Pro-life campaigners in Northern Ireland have vowed to prevent the opening of the first private abortion clinic in Ulster.
The Marie Stopes private abortion clinic is scheduled to open next week in Belfast. (Named after a famous British women’s rights activist, Marie Stopes International is a global non-profit family planning and reproductive healthcare provider).
Although a part of the United Kingdom (which provides for safe, legal abortions), laws regarding reproduction rights are quite different in Northern Ireland. At present, abortions are allowed only if physicians determine that the mother’s life is in danger or there exists a grave long-term threat to her physical or mental health.
Figures from the Department of Health, Social Services and Public Safety indicate that only 123 terminations were carried out in Northern Ireland between 2008 and 2011.
Marie Stopes has assured that it will carry out abortions in accordance with local laws – that is, procedures will be undertaken up to nine weeks gestation. (In England, Wales and Scotland, abortions are generally allowed up to 24 weeks of pregnancy).
However, the Belfast clinic will also be available to women from the Republic of Ireland (where abortion is essentially illegal).
In previous years, thousands of women in Ulster have journeyed across the waters to England, Wales or Scotland to terminate unwanted pregnancies.
Abortion Rights, the British pro-choice campaign group, estimated that since 1967, when abortion was legalized in England, at least 50,000 women (perhaps as many as 70,000) from Northern Ireland have crossed the Irish Sea to terminate pregnancies. In 2011 alone, over 1,000 Ulster women made the trip.
(The number of illegal “back-street” abortions that have taken place within Northern Ireland itself is unknown).
A young woman from Londonderry wrote to BBC to describe her experience in getting an abortion: “I travelled to Scotland to terminate my first and so far only pregnancy in 2006. I was 26. My pregnancy was terminated at 11 weeks. I am still angry that despite living in the UK, I did not have the same access to a termination as women in Scotland, Wales or England.”
She added: “An already upsetting and difficult situation was made so much harder, so much more traumatic, by having to make travel arrangements and lie to friends and colleagues about my ‘trip to Scotland.’ I find it immensely sad that the issue of abortion is still too taboo for many women to feel able to speak up about their experiences.”
Ahead of the planned opening of the Belfast clinic, both sides of the abortion debate are preparing for a long battle.
Darinka Aleksic, co-ordinator of the Abortion Rights Campaign of Britain, hailed the opening of the new clinic.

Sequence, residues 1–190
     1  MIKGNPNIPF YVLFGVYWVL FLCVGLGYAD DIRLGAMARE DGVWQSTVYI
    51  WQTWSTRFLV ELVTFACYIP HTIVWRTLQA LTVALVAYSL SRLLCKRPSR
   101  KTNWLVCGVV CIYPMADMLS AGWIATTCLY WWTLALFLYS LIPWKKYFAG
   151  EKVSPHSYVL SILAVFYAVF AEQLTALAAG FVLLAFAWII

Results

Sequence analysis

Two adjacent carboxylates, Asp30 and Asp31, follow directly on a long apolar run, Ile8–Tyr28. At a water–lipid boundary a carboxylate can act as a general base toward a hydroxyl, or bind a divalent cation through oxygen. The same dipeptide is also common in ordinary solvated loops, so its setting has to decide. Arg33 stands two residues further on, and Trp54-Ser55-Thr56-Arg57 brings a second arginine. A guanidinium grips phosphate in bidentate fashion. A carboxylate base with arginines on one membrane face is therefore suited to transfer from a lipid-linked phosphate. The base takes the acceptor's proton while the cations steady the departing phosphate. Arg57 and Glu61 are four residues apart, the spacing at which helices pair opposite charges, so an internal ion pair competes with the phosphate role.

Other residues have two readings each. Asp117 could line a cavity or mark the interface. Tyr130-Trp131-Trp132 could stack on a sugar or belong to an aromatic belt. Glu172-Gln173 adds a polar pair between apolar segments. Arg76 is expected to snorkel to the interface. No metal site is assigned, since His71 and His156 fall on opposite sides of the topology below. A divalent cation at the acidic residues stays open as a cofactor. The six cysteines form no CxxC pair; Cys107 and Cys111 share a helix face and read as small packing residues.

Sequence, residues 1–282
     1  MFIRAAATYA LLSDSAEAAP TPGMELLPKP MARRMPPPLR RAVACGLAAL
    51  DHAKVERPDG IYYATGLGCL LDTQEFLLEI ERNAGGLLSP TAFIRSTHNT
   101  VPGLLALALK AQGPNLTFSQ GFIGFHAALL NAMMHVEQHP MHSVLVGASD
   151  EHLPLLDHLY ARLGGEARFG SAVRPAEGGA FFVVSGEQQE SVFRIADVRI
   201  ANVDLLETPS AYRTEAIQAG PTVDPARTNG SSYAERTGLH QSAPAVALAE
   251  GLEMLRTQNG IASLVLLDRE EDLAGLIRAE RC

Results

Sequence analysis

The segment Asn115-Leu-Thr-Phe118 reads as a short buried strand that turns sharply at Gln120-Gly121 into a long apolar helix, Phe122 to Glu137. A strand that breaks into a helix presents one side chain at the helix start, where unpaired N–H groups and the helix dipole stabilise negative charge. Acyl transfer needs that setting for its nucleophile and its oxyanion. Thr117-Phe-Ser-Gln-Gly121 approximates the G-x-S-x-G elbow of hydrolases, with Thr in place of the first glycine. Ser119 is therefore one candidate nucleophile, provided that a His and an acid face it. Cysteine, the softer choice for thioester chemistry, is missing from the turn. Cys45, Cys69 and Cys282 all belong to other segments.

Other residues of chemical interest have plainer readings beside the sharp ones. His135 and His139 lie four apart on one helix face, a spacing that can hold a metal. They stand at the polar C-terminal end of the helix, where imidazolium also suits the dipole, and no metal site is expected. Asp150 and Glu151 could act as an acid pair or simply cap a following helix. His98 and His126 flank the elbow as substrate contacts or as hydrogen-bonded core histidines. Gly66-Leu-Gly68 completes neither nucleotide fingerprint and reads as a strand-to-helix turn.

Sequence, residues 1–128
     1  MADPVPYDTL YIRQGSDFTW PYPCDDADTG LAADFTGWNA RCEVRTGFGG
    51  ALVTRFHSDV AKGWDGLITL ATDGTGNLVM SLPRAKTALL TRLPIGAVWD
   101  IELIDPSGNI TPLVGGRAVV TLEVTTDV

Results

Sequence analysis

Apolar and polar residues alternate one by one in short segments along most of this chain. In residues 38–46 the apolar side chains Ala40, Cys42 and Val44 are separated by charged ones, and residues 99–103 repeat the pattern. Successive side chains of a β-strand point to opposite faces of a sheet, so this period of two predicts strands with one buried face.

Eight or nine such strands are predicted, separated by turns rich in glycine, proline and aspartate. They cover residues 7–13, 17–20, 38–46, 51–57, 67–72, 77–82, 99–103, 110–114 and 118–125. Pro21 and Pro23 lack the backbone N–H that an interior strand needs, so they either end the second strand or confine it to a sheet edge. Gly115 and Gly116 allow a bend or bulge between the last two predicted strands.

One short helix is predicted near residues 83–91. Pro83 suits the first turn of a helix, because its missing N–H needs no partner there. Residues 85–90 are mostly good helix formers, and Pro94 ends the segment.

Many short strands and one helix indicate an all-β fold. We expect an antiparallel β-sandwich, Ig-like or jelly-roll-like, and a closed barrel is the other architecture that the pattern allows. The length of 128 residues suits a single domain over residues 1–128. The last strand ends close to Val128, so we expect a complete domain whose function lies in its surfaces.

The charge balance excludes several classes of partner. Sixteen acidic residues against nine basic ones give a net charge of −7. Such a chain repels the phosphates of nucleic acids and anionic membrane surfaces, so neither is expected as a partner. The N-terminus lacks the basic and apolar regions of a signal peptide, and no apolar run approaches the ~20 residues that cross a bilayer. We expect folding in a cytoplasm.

"This is a groundbreaking move from Marie Stopes which should be welcomed by all those who believe that women in Northern Ireland have a right to excellent sexual and reproductive health services,” she said in a statement.
“Women in Northern Ireland are UK taxpayers, yet they are treated like second-class citizens when it comes to abortion. Having to travel to the mainland or further abroad to access safe, legal abortion exacts a huge financial and emotional cost”.
She cautioned, however, that the opening of the Belfast center “will not solve all these problems and the fight for Northern Irish women to have the same rights as women in England, Scotland and Wales has a long way to go. But this is a real step forward."
Abortions opponents are livid over the planned opening of the clinic -- where abortions will cost £450 ($721) each.
"I am absolutely outraged,” said Bernadette Smith, from the Precious Life group, according to the Belfast Telegraph newspaper.
“An organization which is making profits from the death of unborn children is not welcome in Northern Ireland. There will be an outcry from the people, from government and from the churches."
Smith further raged that there is “no demand” for Marie Stopes in Northern Ireland, alleging that the number for women seeking an abortion have been coming down.
“The reduction in the number of women travelling to England has fallen by 36 percent over the last 15 years since the foundation of Precious Life,” she stated.
Similarly, Jim Allister, a hard-line Unionist and member of the Northern Ireland Assembly, spoke out against the clinic.
"If they are going to operate within the parameters of the law, and do so accurately, why would anyone go to them when they can have that service, if they need it, under the law and have it free under the National Health Service?" he said, according to BBC.
Allister added that pro-choice advocates do not respect the rights of the unborn child “who has no choice, in their view, and who should be put to death, because that's what abortion is".
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